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J Athl Train. 1998 Oct;33(4):323-7.

Examination of balance measures produced by the biodex stability system.

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Curry School of Education, University of Virginia, Charlottesville, VA 22903.



Our purpose was to establish normal patterns and relationships of stability using the Biodex Stability System.


The design of this study used both nonexperimental and quasi-experimental methods. All testing was performed in a university sports medicine laboratory.


Nineteen healthy subjects (8 males, 11 females, age = 24.4 +/- 4.2 years; wt = 70.5 +/- 20 kg; ht = 171.2 +/- 11.7 cm) with no history of lower extremity injury participated in this study.


For data analysis, the medial/lateral stability index (MLSI), anterior/posterior stability index (APSI), overall stability index (OSI), and time-in-balance scores were recorded.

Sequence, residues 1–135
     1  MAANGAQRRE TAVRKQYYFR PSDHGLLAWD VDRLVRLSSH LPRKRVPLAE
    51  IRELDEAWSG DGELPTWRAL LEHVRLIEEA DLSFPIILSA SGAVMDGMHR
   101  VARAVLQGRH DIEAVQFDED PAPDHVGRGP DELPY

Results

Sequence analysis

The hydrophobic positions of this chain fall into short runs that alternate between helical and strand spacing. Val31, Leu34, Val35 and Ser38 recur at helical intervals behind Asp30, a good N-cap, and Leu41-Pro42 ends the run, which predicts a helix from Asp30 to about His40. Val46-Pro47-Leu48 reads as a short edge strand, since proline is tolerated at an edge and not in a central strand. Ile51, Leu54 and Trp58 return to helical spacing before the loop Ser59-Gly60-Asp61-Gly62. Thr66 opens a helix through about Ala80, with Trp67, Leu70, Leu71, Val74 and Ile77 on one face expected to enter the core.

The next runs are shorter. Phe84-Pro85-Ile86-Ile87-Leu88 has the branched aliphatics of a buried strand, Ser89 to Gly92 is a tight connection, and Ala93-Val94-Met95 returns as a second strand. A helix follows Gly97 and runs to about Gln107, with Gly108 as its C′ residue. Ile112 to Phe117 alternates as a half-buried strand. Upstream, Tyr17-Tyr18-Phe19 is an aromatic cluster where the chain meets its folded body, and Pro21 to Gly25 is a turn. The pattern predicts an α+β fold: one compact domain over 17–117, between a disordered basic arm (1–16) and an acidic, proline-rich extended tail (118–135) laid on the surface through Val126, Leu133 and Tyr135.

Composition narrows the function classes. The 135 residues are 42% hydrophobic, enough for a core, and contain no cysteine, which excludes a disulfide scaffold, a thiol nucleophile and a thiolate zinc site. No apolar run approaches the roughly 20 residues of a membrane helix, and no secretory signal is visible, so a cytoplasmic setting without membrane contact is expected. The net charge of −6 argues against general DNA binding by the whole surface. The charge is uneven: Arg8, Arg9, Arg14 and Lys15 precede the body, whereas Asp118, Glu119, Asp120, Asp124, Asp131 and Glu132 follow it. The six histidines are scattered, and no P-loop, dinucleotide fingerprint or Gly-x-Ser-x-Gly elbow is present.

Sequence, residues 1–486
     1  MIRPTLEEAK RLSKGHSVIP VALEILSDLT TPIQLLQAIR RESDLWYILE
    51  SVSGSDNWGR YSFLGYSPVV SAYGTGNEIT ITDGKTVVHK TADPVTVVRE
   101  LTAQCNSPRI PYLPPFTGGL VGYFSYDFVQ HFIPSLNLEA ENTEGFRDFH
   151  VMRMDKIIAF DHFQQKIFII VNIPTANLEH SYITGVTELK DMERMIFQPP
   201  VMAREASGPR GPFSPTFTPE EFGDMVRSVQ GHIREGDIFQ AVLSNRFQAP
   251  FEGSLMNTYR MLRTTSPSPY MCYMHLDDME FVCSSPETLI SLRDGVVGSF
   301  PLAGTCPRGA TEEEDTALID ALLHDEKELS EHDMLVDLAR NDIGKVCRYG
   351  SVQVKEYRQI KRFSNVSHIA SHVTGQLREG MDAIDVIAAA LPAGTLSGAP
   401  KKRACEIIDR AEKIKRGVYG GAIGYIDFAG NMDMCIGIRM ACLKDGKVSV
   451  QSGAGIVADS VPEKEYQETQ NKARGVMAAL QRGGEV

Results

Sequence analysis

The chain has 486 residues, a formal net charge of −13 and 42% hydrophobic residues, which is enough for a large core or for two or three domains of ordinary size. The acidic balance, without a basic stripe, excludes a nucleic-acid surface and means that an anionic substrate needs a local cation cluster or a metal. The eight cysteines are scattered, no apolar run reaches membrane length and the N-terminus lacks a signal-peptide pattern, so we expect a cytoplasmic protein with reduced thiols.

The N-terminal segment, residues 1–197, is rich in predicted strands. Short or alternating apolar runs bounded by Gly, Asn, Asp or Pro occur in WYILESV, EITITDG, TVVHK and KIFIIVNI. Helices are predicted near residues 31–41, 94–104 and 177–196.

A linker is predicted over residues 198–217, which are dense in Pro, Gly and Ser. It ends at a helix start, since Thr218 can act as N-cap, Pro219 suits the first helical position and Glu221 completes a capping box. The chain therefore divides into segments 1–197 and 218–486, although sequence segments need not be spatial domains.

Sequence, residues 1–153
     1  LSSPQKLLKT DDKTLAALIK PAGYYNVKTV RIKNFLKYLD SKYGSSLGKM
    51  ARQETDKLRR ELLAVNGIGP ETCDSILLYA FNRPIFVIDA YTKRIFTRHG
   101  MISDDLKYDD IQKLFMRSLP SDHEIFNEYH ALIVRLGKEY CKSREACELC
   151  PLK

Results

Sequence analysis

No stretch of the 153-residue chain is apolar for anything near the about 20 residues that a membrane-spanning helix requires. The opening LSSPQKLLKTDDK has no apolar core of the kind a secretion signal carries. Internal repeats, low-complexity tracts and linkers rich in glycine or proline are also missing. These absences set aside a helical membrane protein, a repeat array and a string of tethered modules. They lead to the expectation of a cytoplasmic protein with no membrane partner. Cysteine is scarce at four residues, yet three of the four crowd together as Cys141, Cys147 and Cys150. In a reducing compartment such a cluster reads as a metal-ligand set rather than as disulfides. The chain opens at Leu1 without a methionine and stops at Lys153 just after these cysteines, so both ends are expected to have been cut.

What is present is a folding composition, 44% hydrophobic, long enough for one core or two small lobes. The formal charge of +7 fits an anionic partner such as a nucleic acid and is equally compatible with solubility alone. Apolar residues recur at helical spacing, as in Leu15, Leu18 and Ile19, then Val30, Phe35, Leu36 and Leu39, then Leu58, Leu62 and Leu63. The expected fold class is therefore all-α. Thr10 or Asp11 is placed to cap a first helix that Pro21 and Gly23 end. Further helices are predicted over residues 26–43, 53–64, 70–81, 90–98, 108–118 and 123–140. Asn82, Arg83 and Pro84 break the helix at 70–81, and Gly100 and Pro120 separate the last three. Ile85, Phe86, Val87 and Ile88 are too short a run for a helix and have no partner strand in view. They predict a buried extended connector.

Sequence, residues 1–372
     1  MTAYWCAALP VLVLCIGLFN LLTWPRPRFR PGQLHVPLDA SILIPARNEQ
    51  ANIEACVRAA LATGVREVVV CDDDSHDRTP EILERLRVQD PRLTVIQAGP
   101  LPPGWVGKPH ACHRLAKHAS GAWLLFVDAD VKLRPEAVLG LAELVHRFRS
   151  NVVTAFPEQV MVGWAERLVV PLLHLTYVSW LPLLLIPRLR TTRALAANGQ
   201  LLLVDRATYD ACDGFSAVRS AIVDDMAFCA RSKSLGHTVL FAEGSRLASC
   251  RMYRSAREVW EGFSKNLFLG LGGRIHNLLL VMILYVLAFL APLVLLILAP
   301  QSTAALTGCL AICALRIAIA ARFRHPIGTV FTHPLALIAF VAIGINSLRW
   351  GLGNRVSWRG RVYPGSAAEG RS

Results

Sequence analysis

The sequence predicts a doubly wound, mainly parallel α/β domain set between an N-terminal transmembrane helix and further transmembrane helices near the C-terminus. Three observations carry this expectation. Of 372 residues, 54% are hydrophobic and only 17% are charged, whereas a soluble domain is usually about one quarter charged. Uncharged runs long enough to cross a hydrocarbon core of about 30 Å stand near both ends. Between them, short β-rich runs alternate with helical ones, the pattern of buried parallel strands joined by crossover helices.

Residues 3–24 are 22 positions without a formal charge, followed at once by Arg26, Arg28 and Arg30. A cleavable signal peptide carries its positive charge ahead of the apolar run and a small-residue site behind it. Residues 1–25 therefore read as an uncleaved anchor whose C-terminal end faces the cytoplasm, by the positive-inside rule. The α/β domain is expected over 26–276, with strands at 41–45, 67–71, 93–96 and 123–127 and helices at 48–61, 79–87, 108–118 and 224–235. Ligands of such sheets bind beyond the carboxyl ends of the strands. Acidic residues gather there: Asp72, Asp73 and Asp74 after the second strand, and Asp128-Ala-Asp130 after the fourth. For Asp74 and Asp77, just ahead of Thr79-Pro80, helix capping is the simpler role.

Multiple regression revealed that APSI and MLSI significantly contributed to the OSI, with the APSI accounting for 95% of the OSI variance. Additionally, the percentage of time spent between 0 degrees and 5 degrees from level was significantly greater than the time spent between 6 degrees and 10 degrees , 11 degrees and 15 degrees , and 16 degrees and 20 degrees . Furthermore, the percentage of time spent between 6 degrees and 10 degrees was significantly greater than the time spent between 16 degrees and 20 degrees .


These data suggest that uninjured individuals spent the majority of the time balanced within 0 degrees to 5 degrees from level and progressively less time at greater angles. Additionally, the data suggest that the OSI is very closely related to the APSI and receives a relatively small contribution from the MLSI. Because of this small contribution, if the clinician is interested in both anterior-posterior and medial-lateral motions, it may be best to use the MLSI and APSI separately rather than the OSI.


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